Currently, I live in sunny southern Florida about three kilometres from the beach. But this wasn’t always the case. I grew up in Toronto, Canada, almost as far from the ocean as you can get – and yet still very close to water. In those days I lived about three kilometres away from Lake Ontario, one of the five Great Lakes of North America. If you haven’t seen the Great Lakes, you are missing out. They have that name for a reason – they are just enormous! The shoreline runs as far as you can see, and when you look out over the water it feels as if you are staring out over the ocean – there’s no chance that your eye will pick out the opposite side. This is how I grew up: next to, in or on the water – swimming, canoeing and sailing – and I loved it. The other thing I remember about growing up next to the water was always being fascinated about what lived in it.
Since my early years were spent next to lakes, I learned mostly about freshwater fishes, like perch and sunfish, but my interest didn’t stop there. My absolute favourites were fish that were much bigger and weren’t found a few kilometres from my doorstep: sharks. I will always remember hunkering down in front of the television to watch documentaries on sharks, and on family vacations I would insist on visiting the local aquariums to get a face-to-face look at these mysterious creatures.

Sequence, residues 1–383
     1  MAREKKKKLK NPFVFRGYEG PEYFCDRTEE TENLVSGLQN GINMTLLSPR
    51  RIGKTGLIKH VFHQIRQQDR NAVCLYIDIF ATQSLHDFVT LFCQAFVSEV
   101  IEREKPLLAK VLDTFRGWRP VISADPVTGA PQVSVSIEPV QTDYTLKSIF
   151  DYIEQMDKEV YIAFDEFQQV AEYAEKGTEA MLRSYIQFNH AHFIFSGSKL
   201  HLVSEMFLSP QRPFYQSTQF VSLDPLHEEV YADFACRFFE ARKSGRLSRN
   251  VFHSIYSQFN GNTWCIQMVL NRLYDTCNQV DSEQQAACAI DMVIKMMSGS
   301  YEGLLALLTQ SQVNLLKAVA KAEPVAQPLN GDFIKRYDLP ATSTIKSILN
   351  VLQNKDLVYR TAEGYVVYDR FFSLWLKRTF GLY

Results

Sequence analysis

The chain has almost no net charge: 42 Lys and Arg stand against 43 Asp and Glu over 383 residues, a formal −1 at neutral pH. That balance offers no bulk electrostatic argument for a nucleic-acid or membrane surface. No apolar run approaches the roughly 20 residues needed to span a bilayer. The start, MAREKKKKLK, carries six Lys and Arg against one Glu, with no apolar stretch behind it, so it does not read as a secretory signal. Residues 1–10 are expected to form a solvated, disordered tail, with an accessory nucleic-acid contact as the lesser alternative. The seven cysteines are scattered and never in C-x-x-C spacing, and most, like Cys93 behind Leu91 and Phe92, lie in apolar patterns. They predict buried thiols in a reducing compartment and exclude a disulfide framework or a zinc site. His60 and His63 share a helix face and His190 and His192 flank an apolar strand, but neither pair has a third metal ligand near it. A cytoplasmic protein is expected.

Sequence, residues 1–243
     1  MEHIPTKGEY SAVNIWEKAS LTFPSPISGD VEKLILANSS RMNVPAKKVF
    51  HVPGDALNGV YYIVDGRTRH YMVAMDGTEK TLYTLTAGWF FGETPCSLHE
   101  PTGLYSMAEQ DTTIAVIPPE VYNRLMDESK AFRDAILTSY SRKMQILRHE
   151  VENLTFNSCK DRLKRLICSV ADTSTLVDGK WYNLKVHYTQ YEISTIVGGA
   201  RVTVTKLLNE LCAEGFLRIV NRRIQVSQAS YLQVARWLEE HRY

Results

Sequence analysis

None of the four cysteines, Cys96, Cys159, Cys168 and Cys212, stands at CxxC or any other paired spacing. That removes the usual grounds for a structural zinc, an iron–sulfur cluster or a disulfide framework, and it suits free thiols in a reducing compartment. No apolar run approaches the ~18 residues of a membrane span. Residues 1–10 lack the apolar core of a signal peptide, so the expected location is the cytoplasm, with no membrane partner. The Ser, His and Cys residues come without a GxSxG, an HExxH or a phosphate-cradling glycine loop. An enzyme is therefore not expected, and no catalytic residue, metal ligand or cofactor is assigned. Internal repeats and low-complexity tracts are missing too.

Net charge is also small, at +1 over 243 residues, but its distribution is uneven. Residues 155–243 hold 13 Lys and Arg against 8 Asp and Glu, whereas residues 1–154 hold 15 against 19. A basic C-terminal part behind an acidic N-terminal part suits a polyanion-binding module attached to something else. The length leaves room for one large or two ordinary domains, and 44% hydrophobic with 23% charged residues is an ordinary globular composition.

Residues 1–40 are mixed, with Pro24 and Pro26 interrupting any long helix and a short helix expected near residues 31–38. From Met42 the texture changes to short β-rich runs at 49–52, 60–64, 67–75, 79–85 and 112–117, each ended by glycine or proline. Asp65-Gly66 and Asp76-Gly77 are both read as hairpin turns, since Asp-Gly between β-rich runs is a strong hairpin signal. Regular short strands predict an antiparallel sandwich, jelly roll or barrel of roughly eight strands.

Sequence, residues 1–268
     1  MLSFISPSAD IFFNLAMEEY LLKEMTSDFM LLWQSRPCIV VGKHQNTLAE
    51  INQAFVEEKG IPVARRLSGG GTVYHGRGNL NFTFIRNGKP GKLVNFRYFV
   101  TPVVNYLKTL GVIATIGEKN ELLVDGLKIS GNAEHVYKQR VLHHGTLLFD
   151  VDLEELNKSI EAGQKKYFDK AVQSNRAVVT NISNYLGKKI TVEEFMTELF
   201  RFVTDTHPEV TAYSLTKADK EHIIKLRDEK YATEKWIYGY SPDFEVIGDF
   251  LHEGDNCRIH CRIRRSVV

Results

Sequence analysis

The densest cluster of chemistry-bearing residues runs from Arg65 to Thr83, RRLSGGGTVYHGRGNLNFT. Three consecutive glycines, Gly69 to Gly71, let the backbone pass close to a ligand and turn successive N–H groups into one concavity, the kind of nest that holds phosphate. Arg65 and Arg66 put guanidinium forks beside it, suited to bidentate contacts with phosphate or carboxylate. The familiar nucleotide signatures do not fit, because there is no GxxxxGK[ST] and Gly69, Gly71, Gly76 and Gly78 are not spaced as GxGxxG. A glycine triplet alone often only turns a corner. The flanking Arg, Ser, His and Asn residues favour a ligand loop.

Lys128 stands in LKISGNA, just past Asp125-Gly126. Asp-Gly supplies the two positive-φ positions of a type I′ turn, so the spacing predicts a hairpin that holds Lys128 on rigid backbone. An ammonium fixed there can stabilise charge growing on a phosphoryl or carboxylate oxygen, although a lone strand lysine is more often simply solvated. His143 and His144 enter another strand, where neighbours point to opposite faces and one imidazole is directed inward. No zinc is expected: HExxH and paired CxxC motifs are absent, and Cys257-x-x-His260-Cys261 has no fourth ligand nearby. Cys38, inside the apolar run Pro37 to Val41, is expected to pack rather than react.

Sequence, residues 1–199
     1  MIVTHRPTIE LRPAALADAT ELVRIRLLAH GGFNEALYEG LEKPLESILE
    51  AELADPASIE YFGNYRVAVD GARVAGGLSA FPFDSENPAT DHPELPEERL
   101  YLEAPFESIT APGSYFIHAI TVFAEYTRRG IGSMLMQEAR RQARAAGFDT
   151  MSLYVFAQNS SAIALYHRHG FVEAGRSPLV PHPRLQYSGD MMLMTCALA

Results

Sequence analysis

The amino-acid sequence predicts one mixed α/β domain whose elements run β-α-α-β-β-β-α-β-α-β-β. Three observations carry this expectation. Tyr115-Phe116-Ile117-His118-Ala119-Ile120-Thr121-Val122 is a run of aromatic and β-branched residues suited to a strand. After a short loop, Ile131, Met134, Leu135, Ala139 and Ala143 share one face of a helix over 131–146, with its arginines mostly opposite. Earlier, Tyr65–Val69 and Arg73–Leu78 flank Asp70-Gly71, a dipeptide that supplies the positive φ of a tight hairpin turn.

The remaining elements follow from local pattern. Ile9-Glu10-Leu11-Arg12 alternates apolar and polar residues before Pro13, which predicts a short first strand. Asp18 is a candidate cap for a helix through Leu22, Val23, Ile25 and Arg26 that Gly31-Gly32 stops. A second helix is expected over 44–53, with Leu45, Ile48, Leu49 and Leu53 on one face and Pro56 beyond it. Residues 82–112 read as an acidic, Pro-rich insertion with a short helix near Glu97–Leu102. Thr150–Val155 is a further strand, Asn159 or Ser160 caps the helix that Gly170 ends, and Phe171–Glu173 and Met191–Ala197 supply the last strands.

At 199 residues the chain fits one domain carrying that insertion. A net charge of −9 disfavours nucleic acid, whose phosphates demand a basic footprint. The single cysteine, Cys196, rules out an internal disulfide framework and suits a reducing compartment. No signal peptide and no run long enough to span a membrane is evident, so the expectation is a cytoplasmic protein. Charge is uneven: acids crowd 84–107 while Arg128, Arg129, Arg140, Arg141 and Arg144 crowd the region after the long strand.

As I grew up, my interest in the water and the life below its surface didn’t fade. After high school I attended the University of Guelph, a great college about an hour from Toronto, where I earned my Bachelor’s degree in marine and freshwater biology and my Master’s in zoology. During this time I studied mostly freshwater fishes – and thoroughly enjoyed it – but it felt as though something was missing. I wanted to learn more about marine life, and about sharks in particular.